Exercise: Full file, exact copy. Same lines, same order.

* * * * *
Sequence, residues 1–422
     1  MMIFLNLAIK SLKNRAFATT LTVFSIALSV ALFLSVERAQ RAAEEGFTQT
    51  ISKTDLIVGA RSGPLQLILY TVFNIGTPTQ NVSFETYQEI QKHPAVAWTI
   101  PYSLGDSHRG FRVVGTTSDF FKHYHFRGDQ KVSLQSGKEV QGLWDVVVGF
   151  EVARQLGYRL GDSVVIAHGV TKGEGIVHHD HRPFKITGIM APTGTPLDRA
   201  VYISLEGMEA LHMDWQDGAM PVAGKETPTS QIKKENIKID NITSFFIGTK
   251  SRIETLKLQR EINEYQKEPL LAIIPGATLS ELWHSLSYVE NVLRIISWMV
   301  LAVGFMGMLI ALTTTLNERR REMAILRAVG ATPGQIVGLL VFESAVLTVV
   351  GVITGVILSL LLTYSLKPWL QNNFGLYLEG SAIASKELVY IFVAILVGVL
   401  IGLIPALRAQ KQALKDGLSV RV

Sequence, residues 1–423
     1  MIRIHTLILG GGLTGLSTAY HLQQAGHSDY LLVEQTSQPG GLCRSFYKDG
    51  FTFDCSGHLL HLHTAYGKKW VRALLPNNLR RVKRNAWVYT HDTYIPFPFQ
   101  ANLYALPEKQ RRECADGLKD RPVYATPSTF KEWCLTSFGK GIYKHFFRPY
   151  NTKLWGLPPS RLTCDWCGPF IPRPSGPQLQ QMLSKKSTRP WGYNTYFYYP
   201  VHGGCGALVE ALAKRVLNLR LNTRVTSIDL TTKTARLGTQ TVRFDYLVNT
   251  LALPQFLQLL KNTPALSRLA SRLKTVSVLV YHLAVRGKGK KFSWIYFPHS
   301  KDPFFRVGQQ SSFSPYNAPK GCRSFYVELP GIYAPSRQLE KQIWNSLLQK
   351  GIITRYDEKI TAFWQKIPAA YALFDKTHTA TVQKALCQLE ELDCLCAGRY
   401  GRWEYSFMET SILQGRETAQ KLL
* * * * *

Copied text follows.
Sequence, residues 1–422
     1  MMIFLNLAIK SLKNRAFATT LTVFSIALSV ALFLSVERAQ RAAEEGFTQT
    51  ISKTDLIVGA RSGPLQLILY TVFNIGTPTQ NVSFETYQEI QKHPAVAWTI
   101  PYSLGDSHRG FRVVGTTSDF FKHYHFRGDQ KVSLQSGKEV QGLWDVVVGF
   151  EVARQLGYRL GDSVVIAHGV TKGEGIVHHD HRPFKITGIM APTGTPLDRA
   201  VYISLEGMEA LHMDWQDGAM PVAGKETPTS QIKKENIKID NITSFFIGTK
   251  SRIETLKLQR EINEYQKEPL LAIIPGATLS ELWHSLSYVE NVLRIISWMV
   301  LAVGFMGMLI ALTTTLNERR REMAILRAVG ATPGQIVGLL VFESAVLTVV
   351  GVITGVILSL LLTYSLKPWL QNNFGLYLEG SAIASKELVY IFVAILVGVL
   401  IGLIPALRAQ KQALKDGLSV RV

Sequence, residues 1–423
     1  MIRIHTLILG GGLTGLSTAY HLQQAGHSDY LLVEQTSQPG GLCRSFYKDG
    51  FTFDCSGHLL HLHTAYGKKW VRALLPNNLR RVKRNAWVYT HDTYIPFPFQ
   101  ANLYALPEKQ RRECADGLKD RPVYATPSTF KEWCLTSFGK GIYKHFFRPY
   151  NTKLWGLPPS RLTCDWCGPF IPRPSGPQLQ QMLSKKSTRP WGYNTYFYYP
   201  VHGGCGALVE ALAKRVLNLR LNTRVTSIDL TTKTARLGTQ TVRFDYLVNT
   251  LALPQFLQLL KNTPALSRLA SRLKTVSVLV YHLAVRGKGK KFSWIYFPHS
   301  KDPFFRVGQQ SSFSPYNAPK GCRSFYVELP GIYAPSRQLE KQIWNSLLQK
   351  GIITRYDEKI TAFWQKIPAA YALFDKTHTA TVQKALCQLE ELDCLCAGRY
   401  GRWEYSFMET SILQGRETAQ KLL